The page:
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Topic: unable to prove?
Replies: 28   Last Post: Sep 18, 2012 3:54 PM

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David C. Ullrich

Posts: 21,553
Registered: 12/6/04
Re: unable to prove?
Posted: Aug 27, 2012 12:14 PM
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On Mon, 27 Aug 2012 09:00:20 -0500, "dilettante" <no@nonono.no> wrote:

>
>"Frederick Williams" <freddywilliams@btinternet.com> wrote in message
>news:5038F0B2.8FA4186B@btinternet.com...

>> dilettante wrote:
>>>
>>> "David C. Ullrich" <ullrich@math.okstate.edu> wrote in message
>>> news:c3qh38lilvho3lnar8gvo1po7rbhmokflr@4ax.com...

>>> > On Fri, 24 Aug 2012 20:14:13 +0100, Frederick Williams
>>> > <freddywilliams@btinternet.com> wrote:
>>> >

>>> >>TS742 wrote:
>>> >>>
>>> >>> Are some hypotheses unprovable?

>>> >>
>>> >>Idiots like me may say, "no, the hypothesis 0 =/= 0 is unprovable".
>>> >>
>>> >>Do you mean "are some truths unprovable?"? I don't know. Some may
>>> >>claim that the truths of mathematics ae just those statements that are
>>> >>provable.
>>> >>

>>> >>> Or do they all have a proof that is
>>> >>> just not found yet? The Riemann hypothesis comes to mind.

>>> >>
>>> >>Let's suppose that RH is true. "RH is unprovable" may mean various
>>> >>things:
>>> >>(1) Humans could prove it were it not for the fact that they will
>>> >>become
>>> >>extinct before they do so. (And that "could" means what?)
>>> >>(2) Humans can't prove it because their brains are too feeble. (But
>>> >>the
>>> >>giraffe-like beings on planet Scorrrf (my keyboard doesn't have the
>>> >>diacritics that the first and third "r"s should have) prove it as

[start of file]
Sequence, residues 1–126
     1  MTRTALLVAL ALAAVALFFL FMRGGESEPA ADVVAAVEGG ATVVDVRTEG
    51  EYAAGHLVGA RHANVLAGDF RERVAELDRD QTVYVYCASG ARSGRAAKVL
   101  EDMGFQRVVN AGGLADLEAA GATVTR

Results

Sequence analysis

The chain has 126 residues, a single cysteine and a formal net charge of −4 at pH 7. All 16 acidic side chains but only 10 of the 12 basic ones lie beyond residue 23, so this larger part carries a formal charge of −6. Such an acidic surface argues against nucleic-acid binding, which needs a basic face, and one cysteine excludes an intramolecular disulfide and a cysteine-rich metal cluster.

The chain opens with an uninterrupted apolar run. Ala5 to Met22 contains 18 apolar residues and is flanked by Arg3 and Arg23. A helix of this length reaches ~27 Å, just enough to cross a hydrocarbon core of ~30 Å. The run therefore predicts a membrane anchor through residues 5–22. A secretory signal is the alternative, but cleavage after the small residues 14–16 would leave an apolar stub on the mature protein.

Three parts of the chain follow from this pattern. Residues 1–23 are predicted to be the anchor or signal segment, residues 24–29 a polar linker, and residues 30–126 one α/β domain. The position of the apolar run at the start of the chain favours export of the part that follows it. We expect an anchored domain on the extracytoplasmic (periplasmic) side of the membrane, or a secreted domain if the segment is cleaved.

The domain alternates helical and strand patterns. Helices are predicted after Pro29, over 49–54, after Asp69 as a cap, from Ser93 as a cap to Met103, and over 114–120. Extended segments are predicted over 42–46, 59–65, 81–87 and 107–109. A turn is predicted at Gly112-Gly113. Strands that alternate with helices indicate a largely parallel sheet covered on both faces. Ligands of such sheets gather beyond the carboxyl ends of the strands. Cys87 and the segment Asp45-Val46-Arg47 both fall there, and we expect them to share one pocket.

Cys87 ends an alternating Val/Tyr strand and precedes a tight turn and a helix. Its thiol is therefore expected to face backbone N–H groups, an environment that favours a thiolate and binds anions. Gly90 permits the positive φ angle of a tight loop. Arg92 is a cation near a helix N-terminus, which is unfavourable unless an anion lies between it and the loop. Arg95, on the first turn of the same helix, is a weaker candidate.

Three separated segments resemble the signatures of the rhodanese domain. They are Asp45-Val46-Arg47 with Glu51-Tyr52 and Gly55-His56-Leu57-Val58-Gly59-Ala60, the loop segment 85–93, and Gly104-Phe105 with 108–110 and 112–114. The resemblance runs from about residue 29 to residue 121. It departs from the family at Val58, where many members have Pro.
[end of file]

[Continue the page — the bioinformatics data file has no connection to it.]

>>> >>homework in their first year a school.)
>>> >>(3) A computer (built and programmed by another computer) proved it
>>> >>after running for sixty years, but no one is foolhardy enough to claim
>>> >>that they understand what that computer is doing or that it is
>>> >>bug-free.
>>> >>(4) No machine or creature in this universe or any other will ever
>>> >>prove
>>> >>it.
>>> >>
>>> >>What about the continuum hypothesis in place of RH?

>>> >
>>> > In my opinion (with which many diisagree) it's not clear that CH
>>> > _is_either true or false in any absolute sense. If so then it's
>>> > much more problematic here.

>>>
>>> This has always been a little disconcerting for me. I've read that it
>>> was
>>> proved that CH is independent of the usual axioms of set theory, or
>>> something like that. It seems to me that if the real numbers are a well
>>> defined object, then its power set should be a well defined object, and
>>> it
>>> should be the case that either some member of that power set has
>>> cardinality
>>> between that of the naturals and that of the reals, or not. If such an
>>> animal did exist, it should be at least possible for someone to exhibit
>>> it
>>> in some way - "here it is, now what about that independence?" The fact
>>> that
>>> this isn't so is very strange to me, but there are more things in heaven
>>> and
>>> earth than are dreamt of in our philosophy, Horatio.
>>> Any thoughts on how to better grasp this little conundrum?

>>
>> What is the set of _all_ subsets of a set X? If X is finite, the
>> question is easily answered by listing them, but otherwise?

>
> Are you channelling WM? Somehow that doesn't clear the matter up for me.
>I thought my remarks would provoke more discussion. Perhaps no one has
>anything to say about this, or perhaps not many read my posts. I suppose I
>could remedy the latter by getting either crazier or nastier, or go the
>arduous route of posting clever, interesting, and helpful stuff, but no -
>I'll just stay my mostly sane, not too horribly nasty, boring self, and be
>satisfied with the status quo.


I read your post. I started thinking about a reply, came to the
conclusion that explaining clearly why something is not clear
to me would be difficult...

Far from a complete answer: How can there be any
confusion over the status of the power set of X?
It's simply

P(X) = {y : y subset X}.

What could possibly go wrong with that? Well, the
question is why there _is_ a _set_ S with the
property that for every y, y is in S if and only
if y is a subset of X.

There's also no problem with

R = {x : x is not an element of x},

except of course there _are_ problems with that.

Not an answer, really, just an illustration of how
it can be that things are much less clear than
they seem at first.

>>
>> --
>> The animated figures stand
>> Adorning every public street
>> And seem to breathe in stone, or
>> Move their marble feet.





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